IRS Updates Rules on Early Withdrawals for Personal Emergencies and Domestic Violence

By Madz Dizon

Jun 25, 2024 07:30 AM EDT

IRS Updates Rules on Early Withdrawals for Personal Emergencies and Domestic Violence
A small sign indicates the headquarters of the Internal Revenue Service on April 07, 2023 in Washington, DC. The Treasury Department announced an $80 billion plan for the IRS to become a “digital first” tax collector and focus on improving customer service and cracking down on tax evasion by corporations and the wealthy.
(Photo : Chip Somodevilla/Getty Images)

The IRS has released new guidance for individuals considering early withdrawals from their retirement accounts. Typically, there is an additional 10% tax applied when withdrawing funds. 

New Exceptions Allow Emergency Withdrawals from Retirement Plans

However, starting from the beginning of this year, certain circumstances have allowed for exemptions, such as cases involving domestic violence victims or individuals facing personal emergency expenses.

Individuals facing personal emergency expenses are eligible to withdraw up to $1000 from a qualifying plan. Similarly, domestic violence victims can access up to $10,000 from the same plan, WearNews reported.

Withdrawals made after reaching the age of 59 ½, withdrawals due to death or disability, distributions performed as part of a series of equal periodic payments for your entire life or the lives of you and your chosen beneficiary, as well as withdrawals made by an employee after separating from service after turning 55 (excluding from an IRA) are all exceptions under section 72(t) of the tax code.

Under the SECURE 2.0 Act, new exceptions have been added to include distributions for emergency personal expenses as well as victims of domestic abuse. The IRS has also provided additional guidance on this matter.

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New IRS Rules

Emergency personal expense distributions are payments made to an individual via an eligible retirement plan (typically a section a section 403(b) plan, 401(k) plan, a section 403(a) annuity plan, a governmental section 457(b) plan, or an IRA) to meet unexpected or immediate financial needs for personal or family emergencies.

There are three limitations that apply to emergency personal expense distributions:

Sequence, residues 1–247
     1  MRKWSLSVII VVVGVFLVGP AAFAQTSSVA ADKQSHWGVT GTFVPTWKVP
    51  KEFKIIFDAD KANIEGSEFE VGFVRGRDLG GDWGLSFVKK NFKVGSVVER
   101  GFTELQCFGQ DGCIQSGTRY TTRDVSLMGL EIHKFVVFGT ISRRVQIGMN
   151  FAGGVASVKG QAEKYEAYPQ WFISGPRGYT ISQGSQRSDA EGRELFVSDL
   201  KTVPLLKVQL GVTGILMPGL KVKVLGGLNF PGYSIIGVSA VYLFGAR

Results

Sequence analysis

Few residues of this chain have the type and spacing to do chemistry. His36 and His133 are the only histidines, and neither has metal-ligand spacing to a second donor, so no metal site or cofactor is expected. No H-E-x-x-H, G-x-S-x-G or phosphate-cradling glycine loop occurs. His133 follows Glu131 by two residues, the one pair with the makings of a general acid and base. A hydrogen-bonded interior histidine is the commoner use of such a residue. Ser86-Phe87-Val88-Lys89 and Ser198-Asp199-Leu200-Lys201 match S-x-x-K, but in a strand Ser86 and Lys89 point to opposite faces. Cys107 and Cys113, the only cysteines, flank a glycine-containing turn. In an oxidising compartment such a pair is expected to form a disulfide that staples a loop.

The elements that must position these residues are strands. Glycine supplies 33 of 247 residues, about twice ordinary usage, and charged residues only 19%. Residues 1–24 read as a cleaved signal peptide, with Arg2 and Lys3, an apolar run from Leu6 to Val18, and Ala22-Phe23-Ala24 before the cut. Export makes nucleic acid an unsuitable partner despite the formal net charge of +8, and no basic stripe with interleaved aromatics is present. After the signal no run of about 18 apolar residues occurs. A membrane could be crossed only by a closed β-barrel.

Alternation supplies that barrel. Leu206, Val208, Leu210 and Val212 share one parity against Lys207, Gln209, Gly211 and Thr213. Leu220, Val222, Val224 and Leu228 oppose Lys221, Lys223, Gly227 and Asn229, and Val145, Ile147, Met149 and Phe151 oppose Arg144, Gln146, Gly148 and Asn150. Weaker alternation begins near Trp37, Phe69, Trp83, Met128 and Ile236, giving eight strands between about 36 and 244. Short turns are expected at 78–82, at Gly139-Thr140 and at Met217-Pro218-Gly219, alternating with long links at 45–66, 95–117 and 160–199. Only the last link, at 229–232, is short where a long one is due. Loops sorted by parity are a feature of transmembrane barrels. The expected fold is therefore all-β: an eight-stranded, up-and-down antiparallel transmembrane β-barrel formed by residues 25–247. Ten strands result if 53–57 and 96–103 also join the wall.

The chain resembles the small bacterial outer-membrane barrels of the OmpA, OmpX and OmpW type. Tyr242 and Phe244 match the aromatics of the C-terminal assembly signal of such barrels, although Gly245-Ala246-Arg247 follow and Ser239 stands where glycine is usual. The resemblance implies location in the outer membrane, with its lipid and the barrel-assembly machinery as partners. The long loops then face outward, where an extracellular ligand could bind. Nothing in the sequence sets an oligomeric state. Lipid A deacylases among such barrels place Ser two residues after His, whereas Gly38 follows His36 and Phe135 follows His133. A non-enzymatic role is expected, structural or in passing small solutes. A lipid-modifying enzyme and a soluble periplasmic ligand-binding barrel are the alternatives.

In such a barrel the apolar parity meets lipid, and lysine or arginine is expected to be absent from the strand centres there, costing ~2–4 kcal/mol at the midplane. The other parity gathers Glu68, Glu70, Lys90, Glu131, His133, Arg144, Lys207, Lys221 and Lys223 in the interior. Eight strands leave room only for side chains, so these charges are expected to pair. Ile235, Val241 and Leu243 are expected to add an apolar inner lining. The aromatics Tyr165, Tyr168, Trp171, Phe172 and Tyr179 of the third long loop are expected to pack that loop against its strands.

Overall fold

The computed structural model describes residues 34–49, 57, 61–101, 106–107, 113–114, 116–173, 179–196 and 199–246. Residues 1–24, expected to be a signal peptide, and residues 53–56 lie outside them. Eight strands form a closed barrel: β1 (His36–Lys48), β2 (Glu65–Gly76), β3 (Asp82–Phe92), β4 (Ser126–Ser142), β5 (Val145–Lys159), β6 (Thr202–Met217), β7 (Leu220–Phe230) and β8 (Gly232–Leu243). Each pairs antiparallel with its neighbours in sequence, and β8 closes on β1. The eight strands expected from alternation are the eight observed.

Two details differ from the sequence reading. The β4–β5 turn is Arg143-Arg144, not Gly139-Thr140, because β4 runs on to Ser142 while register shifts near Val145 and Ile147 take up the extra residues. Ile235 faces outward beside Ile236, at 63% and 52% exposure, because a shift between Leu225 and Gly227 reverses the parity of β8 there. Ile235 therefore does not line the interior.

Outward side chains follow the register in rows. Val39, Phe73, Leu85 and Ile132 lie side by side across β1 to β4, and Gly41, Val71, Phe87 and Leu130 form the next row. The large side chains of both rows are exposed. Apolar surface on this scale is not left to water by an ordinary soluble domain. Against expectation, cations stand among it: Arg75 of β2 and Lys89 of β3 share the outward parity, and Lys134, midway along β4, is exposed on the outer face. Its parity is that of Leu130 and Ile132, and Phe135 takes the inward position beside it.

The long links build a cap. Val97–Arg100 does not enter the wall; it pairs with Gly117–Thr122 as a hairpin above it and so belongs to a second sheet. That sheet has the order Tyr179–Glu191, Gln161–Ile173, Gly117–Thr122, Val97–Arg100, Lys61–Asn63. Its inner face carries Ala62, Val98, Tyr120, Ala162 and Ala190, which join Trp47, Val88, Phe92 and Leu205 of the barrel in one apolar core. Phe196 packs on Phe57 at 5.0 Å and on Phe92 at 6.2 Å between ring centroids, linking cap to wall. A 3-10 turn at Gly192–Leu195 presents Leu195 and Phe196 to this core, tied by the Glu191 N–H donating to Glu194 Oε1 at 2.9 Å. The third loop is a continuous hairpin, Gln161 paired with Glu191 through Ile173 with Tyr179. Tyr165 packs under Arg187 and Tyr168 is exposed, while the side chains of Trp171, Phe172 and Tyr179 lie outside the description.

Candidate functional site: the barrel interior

1. It is important to note that only one distribution per calendar year can be considered as an emergency personal expense. 

2. The withdrawal limit is set at $1,000, without any adjustments for inflation. However, it can also be limited to your nonforfeitable accrued benefit under the plan, minus $1,000, whichever is lower. 

3. If you have claimed an emergency personal expense distribution in a particular calendar year, you will not be eligible to do so again for the next three calendar years. This restriction can be lifted if you fully repay the previous distribution or if the total amount of elective deferrals and employee contributions to the plan after the distribution is at least equal to the unpaid previous distribution.

Additionally, a new section has been introduced, specifically section 72(t)(2)(K), which offers a fresh exception for individuals who have experienced domestic abuse.

An eligible retirement plan can provide financial support to individuals who have experienced domestic abuse, Forbes reported. 

To be eligible, the distribution needs to be made within one year from the date when the person experiences domestic abuse from their spouse or domestic partner. 

The term "domestic abuse" is defined in section 72(t)(2)(K)(iii)(II) as encompassing a range of harmful behaviors, such as physical, psychological, sexual, emotional, or economic abuse. 

These actions may include attempts to exert control, isolate, humiliate, or intimidate the victim, as well as undermining their ability to think independently. 

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